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Why are there so many Jewish sports halls of fame? 

Across the U.S., local organizations honor Jewish athletes in order to combat antisemitism and encourage Jewish pride

(JTA) — On one wall of the dining hall at the Indiana University Hillel sit 36 framed photographs of Jewish alumni who have made an impact in the sports industry, from athletes to executives. It’s the IU Jewish Sports Wall of Fame.

One of those pictures is of Josh Rawitch, who has had a long career as an executive in baseball. At first, Rawitch told the Jewish Telegraphic Agency, he questioned whether he was truly worthy of being honored alongside fellow Hoosiers like Mark Cuban, the billionaire businessman and owner of the NBA’s Dallas Mavericks, and all-time Jewish Olympic legend Mark Spitz.

But then Rawitch thought about the location of the wall, and who it might impact.

“You’re going to have young people, 18, 19 years old, walking in there looking at the wall, seeing all these people who are up there who have gone on to do significant things in the industry,” Rawitch said. “That’s actually pretty cool. That actually inspires them. If I was 18 and I’d have walked in and that wall had been there when I was a freshman, I would have thought, ‘that’s really cool.’ I would love to be like one of those people someday.”

Rawitch knows a thing or two about halls of fame: He’s the president of the National Baseball Hall of Fame and Museum in Cooperstown, New York. He said institutions like the one he leads are important “repositories for history.”

“I think having a hall of fame of any kind in any city essentially does two things — it honors people who are really good at what they do, and it documents the history of what’s gone on in that industry,” he said.

The Indiana University Jewish Sports Wall of Fame, located in the dining hall at Indiana University Hillel. (Courtesy)
The Indiana University Jewish Sports Wall of Fame, located in the dining hall at Indiana University Hillel. (Courtesy) Image by

The display that honors Rawitch in Bloomington is just one of many halls, walls and exhibits across the United States and the world — many of them small — that honor Jewish greatness in sports. From Southern California to Philadelphia, St. Louis to Washington, D.C., similar organizations and institutions recognize Jewish athletes, coaches, executives, media members and beyond.

Why so many?

“We want to call attention to that because of the antisemitic trope that Jews are not good soldiers, farmers or athletes. We need to overcome that,” said Jed Margolis, who runs the International Jewish Sports Hall of Fame in Israel, which has honored over 400 athletes since 1981 and is housed in Netanya after being founded in the United States. “It’s simply not true. And telling the stories out there will help inspire people and lay to rest some of those falsehoods which I think are important to overcome.”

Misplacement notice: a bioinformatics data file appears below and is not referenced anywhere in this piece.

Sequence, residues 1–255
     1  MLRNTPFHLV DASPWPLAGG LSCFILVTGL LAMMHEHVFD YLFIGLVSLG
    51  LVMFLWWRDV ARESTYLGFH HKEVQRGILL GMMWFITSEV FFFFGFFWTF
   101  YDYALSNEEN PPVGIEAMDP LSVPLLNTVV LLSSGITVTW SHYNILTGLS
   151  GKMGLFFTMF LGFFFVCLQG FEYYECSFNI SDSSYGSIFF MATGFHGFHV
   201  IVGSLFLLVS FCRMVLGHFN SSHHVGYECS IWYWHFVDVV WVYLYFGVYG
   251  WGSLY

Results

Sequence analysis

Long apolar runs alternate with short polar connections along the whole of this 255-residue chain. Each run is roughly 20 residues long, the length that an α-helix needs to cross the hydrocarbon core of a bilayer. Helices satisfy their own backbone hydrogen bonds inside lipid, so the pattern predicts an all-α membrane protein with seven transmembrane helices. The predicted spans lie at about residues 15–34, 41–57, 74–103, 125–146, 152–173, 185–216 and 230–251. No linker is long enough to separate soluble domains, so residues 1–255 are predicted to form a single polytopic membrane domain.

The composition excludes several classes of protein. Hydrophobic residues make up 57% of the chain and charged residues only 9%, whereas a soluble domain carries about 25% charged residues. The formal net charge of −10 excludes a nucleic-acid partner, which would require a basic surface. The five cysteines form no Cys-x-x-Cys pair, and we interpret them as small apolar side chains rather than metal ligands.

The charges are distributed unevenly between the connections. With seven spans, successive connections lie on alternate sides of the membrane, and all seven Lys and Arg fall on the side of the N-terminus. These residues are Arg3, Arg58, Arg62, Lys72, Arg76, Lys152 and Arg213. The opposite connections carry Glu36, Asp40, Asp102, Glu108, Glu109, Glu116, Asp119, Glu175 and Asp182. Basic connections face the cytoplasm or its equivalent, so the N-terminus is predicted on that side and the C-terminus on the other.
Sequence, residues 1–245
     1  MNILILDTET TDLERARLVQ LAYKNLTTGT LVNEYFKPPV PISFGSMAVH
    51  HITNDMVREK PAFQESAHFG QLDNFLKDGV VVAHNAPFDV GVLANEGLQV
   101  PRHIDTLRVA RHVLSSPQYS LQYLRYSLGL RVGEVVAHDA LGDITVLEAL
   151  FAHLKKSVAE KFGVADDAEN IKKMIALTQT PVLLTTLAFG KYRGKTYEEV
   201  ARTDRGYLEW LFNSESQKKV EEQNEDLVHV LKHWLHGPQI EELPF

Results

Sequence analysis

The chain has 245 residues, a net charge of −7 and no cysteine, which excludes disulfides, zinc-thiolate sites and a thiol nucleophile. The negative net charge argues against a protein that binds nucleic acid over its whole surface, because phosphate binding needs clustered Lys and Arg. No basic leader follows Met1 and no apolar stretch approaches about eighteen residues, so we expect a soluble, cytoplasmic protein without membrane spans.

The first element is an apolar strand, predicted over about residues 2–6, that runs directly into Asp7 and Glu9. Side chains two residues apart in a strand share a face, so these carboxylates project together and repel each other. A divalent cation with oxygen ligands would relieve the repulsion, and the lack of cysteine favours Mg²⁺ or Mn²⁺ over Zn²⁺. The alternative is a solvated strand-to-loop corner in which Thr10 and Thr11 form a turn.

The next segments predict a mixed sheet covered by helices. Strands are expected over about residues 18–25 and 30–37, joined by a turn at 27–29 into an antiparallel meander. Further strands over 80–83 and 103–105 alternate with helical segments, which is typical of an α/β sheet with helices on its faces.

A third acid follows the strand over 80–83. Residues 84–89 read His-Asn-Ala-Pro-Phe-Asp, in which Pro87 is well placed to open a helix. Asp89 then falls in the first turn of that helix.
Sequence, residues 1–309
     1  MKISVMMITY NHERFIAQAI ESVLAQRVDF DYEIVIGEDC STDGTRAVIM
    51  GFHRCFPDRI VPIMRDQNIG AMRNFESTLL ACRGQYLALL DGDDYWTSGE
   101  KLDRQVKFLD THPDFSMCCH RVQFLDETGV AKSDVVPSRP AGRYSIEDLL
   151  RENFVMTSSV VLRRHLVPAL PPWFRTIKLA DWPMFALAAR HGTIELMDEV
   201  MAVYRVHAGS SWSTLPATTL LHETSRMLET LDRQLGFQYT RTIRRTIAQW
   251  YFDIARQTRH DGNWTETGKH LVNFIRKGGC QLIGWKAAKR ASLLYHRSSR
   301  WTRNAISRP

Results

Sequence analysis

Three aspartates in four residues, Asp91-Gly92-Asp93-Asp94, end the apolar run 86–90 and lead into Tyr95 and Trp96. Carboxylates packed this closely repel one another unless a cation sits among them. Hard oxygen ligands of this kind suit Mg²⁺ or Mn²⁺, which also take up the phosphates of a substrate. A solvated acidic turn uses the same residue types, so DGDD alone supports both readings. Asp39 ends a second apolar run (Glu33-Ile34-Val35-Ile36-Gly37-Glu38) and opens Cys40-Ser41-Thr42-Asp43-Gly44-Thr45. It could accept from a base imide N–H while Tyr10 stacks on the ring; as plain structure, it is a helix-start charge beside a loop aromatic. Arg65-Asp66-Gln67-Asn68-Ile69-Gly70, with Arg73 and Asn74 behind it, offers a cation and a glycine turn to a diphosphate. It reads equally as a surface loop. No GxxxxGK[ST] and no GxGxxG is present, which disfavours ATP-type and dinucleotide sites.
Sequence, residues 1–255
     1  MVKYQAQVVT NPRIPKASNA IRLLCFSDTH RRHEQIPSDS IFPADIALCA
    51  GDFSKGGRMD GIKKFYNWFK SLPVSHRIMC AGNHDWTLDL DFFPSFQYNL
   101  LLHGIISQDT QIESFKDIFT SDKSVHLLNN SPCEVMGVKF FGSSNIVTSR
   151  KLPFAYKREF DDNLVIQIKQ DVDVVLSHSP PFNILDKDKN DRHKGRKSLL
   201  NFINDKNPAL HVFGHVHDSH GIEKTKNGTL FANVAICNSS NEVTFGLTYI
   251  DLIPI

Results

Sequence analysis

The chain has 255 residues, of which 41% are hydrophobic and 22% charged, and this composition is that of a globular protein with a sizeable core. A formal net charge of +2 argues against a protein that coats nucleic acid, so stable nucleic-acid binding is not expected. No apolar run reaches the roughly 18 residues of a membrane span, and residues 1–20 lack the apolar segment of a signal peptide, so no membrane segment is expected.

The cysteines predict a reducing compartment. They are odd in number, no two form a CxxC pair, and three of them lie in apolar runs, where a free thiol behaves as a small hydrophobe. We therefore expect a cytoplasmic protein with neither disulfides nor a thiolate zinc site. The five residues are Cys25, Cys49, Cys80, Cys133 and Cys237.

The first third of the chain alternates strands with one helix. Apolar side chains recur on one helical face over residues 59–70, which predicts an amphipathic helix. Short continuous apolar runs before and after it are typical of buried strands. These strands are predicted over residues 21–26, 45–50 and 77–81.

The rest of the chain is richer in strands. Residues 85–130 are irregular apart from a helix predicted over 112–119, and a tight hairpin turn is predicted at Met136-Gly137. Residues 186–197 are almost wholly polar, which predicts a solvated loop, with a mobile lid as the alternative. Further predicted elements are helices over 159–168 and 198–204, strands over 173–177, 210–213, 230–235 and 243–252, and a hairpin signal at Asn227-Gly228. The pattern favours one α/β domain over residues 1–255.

In the fight against antisemitism, Steve Rosenberg, who chairs the Philadelphia Jewish Sports Hall of Fame, said “the best defense is a good offense.” The Philadelphia hall, which inducted its first class in 1997 and has moved locations multiple times, has 183 total inductees, including former NFL tight end Brent Novoselsky and longtime 76ers broadcaster Marc Zumoff.

“We shine the light on the great accomplishments of Jews in sports. And we need to do more of that in the world,” Rosenberg said.

Rosenberg added that he thinks there should be even more halls of fame, for Jewish actors, architects, poets and so on, “so that we can celebrate our accomplishments, not in the way that we pat ourselves on the back, but that we can talk about all the great things that we do as a people.”

For Craig Neuman, the chief programming officer at the St. Louis Jewish Community Center, a key feature of Jewish culture is the sense of connection Jews feel when they discover that a celebrity is Jewish. That sense of pride is clear in the work Neuman does with the St. Louis Jewish Sports Hall of Fame, which has its own hallway at the JCC.

“I can’t imagine any other place in the world where you would say, ‘I feel connected to this other country, or these other people, by sheer virtue of our religion,’” Neuman said. “There’s some pride that’s involved with that.”

Like the Baseball Hall of Fame in Cooperstown, the International Jewish Sports Hall of Fame seeks to recognize the most elite athletes — Jewish world record holders, Olympians and the like. Or, as Margolis put it: “We’re looking for the best of the best: the Hank Greenbergs, the Mark Spitzes, people like that.”

Jed Margolis, left, with former Israeli basketball star Mickey Berkowitz, back center, and his family, at the International Jewish Sports Hall of Fame in Netanya, Israel. (Courtesy of the International Jewish Sports Hall of Fame)
Jed Margolis, left, with former Israeli basketball star Mickey Berkowitz, back center, and his family, at the International Jewish Sports Hall of Fame in Netanya, Israel. (Courtesy of the International Jewish Sports Hall of Fame) Image by

At the local halls of fame, the criteria are different. Rawitch likened it to the dynamic between national versus state and local politics.